Cathay Pacific Airbus A330-300 Business Class
Cathay Pacific Airbus A330-300 Business Class

Seat details

On top of being beautiful and sophisticated, the cream and green pod seats are pragmatically designed. First, a large wing is attached to the side of the seat’s shell for added privacy. To the side, you’ll find the buttons to control the seats, USB-A and universal power outlets, a reading light, as well as the entertainment remote control.

Business Class seat
Business Class seat

Then, there is an enclosed cabinet with a mirror, in which the headphones are stored. The cabinet has a bit of space, making it an ideal place to store a phone, passport, and/or wallet. Next to that is the side table, from under which the tray table comes out. There is then a narrow open storage area, with a small pouch that fits a water bottle.

Business Class seat
Business Class tray table

Across is the 15-inch LCD entertainment screen, which features Cathay Pacific’s excellent StudioCX system. The touch-screen monitor pops out with the press of the button on the side. However, note that it has to be stowed for taxi, takeoff, and landing. Under the screen, you’ll find the padded ottoman, which has a relatively spacious footwell.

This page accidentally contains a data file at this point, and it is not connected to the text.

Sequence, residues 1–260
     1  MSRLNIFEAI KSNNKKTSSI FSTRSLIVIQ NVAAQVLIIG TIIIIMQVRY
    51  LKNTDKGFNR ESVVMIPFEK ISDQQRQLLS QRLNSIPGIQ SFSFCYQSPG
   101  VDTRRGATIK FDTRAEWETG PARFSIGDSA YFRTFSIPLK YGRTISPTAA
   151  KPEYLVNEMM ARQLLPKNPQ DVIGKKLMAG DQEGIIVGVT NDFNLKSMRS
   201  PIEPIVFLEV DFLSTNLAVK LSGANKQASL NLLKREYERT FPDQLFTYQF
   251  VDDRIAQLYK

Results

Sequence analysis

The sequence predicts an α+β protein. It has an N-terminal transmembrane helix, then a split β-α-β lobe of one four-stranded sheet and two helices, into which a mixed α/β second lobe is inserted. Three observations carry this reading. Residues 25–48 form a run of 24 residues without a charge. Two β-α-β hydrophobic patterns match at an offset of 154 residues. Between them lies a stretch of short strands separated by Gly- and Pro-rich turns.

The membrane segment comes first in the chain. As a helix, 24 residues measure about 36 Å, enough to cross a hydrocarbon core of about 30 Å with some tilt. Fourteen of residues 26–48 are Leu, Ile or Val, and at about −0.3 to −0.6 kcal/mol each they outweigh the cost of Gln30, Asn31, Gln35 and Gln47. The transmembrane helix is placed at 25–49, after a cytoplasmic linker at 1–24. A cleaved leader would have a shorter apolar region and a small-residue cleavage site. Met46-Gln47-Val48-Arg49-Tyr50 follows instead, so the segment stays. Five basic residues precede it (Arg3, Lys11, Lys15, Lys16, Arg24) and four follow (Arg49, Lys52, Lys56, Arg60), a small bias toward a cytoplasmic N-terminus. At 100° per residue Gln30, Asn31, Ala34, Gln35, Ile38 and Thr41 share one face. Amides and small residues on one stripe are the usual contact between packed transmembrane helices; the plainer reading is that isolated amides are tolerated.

Stowed entertainment screen
Unstowed entertainment screen

Then, under the seat, you’ll find a small shoe storage locker that can be closed. In addition, a fixed literature pocket is built onto the shell of the seat in front. Finally, while the cabin sadly does not have overhead air vents, Cathay Pacific thankfully keeps its cabins cold – at least compared to other Eastern Asian airlines.

Literature pocket


Unsurprisingly, the provided amenities were only limited to a Bamford-branded pillow, which was very plush and rather firm, at the very least. However, blankets weren’t proactively offered, which is disappointing for Business Class. As always, a bottle of water was already placed on the seat at boarding, along with the inflight menu card.

Water and menu card

Departure from Hong Kong

Pre-departure service

As I settled in my seat, I noticed that they were playing Yanni as part of the boarding music playlist. What a blast from the 90s! My contemplation of the boarding music was cut short when I was greeted by the Inflight Service Manager Evelyn, who thanked me for being a Diamond member. After greeting me, she invited me to make the meal orders for later in the flight, to which I gladly did so.

View at the gate